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NFL Rumors: Morris Claiborne Playing Receiver Is a Horrible Idea

NEW YORK, NY - APRIL 26:  Morris Claiborne (R)from LSU holds up a jersey as he stands on stage after he was selected #6 overall by the Dallas Cowboys in the first round of during the 2012 NFL Draft at Radio City Music Hall on April 26, 2012 in New York City.  (Photo by Al Bello/Getty Images)
Al Bello/Getty Images
Ryan PhillipsContributor IIIDecember 21, 2014

Recently-drafted Dallas Cowboys cornerback Morris Claiborne has expressed interest in playing some receiver this season and that would be a terrible idea.

Claiborne went on 103.3 FM in Dallas on Monday and claimed that he would love to play some wideout this year and become a two-way player. While I appreciate his enthusiasm, this makes no sense whatsoever.

The Cowboys didn't trade up eight spots in the 2012 NFL draft to select Claiborne at No. 6 so that he could experiment on offense. Dallas made that move because its secondary was awful last season and they needed a legitimate shutdown cornerback.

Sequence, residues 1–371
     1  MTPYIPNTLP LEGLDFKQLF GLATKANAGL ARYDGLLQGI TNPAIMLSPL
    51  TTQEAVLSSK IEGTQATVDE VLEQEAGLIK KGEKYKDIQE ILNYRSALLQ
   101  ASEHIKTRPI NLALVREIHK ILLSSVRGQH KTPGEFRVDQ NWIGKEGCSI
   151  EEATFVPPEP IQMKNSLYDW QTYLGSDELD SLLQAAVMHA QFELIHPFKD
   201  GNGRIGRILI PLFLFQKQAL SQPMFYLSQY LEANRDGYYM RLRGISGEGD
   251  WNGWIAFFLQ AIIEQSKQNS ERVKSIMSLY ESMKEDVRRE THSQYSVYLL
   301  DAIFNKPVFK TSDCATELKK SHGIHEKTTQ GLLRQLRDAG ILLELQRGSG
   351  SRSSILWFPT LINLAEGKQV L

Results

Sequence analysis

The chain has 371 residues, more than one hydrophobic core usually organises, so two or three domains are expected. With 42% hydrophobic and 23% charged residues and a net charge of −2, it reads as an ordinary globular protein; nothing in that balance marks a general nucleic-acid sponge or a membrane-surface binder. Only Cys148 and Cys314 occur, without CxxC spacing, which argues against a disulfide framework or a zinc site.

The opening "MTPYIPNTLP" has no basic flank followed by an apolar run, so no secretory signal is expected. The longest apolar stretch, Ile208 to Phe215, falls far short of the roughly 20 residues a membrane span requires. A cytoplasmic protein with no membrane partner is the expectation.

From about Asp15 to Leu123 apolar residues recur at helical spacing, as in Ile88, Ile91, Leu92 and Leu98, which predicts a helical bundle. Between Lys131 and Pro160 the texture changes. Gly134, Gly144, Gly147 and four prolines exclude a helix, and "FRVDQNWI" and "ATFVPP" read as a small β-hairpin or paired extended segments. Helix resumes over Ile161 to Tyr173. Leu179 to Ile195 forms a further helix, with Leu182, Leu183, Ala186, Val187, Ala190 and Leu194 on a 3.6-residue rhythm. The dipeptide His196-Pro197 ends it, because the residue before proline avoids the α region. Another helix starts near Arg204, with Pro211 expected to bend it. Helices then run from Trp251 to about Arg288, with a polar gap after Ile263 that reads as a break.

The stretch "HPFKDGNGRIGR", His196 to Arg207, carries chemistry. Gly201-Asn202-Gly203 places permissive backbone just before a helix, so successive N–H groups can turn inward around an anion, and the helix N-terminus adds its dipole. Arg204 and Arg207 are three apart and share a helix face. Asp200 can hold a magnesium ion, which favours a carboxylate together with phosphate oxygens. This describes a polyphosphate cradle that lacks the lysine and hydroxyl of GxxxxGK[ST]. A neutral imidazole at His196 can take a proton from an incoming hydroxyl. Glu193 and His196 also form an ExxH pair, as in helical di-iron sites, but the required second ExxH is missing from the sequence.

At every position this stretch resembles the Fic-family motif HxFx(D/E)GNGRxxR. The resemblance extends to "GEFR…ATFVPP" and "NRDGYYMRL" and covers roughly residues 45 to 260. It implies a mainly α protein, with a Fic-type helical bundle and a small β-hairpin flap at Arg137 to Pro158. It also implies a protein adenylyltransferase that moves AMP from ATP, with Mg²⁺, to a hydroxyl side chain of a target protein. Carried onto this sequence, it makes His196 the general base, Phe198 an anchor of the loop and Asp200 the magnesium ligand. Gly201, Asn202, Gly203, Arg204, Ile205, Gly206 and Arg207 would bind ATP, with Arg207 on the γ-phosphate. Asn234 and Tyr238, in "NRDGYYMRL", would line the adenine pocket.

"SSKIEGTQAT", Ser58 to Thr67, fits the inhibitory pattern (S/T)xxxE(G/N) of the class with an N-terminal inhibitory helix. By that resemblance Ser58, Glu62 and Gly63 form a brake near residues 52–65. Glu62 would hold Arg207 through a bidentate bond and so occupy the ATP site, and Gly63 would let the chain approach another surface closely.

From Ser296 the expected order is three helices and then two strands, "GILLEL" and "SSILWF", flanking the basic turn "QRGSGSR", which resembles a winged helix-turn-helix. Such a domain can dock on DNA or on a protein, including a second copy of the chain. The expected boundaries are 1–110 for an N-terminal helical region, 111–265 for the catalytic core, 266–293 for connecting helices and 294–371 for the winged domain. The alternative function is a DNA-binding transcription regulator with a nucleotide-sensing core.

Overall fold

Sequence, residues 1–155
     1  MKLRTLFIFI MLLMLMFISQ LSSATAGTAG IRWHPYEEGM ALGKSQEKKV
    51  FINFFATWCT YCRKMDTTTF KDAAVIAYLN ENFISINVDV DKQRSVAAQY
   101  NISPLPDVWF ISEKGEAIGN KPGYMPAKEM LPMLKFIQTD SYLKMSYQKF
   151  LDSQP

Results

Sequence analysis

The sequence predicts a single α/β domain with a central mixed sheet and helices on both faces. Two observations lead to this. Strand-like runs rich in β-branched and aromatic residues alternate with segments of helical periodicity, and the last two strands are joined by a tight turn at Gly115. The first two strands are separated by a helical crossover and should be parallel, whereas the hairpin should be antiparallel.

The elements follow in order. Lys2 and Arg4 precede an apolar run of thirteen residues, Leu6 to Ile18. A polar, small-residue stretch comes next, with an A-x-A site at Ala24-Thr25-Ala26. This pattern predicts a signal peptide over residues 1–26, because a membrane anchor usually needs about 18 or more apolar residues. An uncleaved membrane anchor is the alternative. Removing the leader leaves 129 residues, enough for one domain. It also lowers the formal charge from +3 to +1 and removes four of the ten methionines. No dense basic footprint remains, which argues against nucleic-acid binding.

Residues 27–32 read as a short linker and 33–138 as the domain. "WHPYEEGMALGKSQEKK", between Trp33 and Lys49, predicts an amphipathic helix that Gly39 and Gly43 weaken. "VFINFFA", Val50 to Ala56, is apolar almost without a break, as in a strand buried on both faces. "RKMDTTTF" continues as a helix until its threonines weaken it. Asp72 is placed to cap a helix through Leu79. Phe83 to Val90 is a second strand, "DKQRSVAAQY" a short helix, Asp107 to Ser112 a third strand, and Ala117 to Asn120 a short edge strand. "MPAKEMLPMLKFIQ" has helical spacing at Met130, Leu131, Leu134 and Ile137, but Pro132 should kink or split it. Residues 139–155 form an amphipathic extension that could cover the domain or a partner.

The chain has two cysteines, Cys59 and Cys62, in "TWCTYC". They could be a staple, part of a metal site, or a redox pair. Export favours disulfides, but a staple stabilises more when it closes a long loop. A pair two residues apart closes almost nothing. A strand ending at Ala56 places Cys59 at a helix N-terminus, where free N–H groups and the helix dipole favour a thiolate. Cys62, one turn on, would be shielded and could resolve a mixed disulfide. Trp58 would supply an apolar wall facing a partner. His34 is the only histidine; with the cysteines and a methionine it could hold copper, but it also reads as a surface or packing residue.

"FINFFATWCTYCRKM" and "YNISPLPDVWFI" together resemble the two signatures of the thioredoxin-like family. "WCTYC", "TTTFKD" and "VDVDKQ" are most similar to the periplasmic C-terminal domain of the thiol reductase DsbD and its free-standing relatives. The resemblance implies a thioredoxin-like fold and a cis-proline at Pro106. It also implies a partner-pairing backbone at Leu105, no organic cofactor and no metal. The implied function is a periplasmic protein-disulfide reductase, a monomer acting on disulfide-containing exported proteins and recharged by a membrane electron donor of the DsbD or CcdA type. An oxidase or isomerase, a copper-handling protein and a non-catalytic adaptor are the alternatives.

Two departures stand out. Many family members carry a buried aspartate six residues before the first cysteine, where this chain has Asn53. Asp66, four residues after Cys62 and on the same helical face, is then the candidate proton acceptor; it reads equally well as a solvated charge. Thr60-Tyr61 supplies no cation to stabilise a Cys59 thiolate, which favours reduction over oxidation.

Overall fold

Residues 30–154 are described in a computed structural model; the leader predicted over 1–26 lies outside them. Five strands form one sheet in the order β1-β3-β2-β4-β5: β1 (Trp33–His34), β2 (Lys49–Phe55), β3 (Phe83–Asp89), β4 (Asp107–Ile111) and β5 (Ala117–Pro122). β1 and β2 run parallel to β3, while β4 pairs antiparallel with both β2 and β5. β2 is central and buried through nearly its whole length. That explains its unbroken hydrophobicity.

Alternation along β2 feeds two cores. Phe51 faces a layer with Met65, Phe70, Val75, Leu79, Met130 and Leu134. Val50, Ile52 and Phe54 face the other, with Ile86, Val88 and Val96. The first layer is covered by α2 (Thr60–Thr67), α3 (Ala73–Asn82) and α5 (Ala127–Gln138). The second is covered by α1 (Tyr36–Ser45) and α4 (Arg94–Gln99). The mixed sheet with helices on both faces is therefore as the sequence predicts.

Claiborne needs to come in and solely focus on transitioning to the NFL at his best position, not doing that in addition to playing some receiver

Claiborne started his career at LSU as a wideout, so I can understand the instinct to play both ways in the NFL. But Dallas already has two solid receivers in Miles Austin and Dez Bryant.

The 23-year-old Bryant needs as many reps as he can get and continue the process of becoming polished at the position, especially after racking up just 108 catches in his first two seasons.

In addition to that, the Cowboys have other young receivers like Andre Holmes, Dwayne Harris, Raymond Radway and this year's fifth-round pick, Danny Coale out of Virginia Tech. All of those players are 24 or younger and need as much practice time as possible if they hope to develop. Throwing Claiborne into the mix would only serve to stunt their potential growth. 

If Claiborne wants to contribute somewhere other than the secondary, he can step in on special teams as a returner. But his sole focus other than that should be to solidify a secondary that allowed 244.1 yards per game in 2011. 

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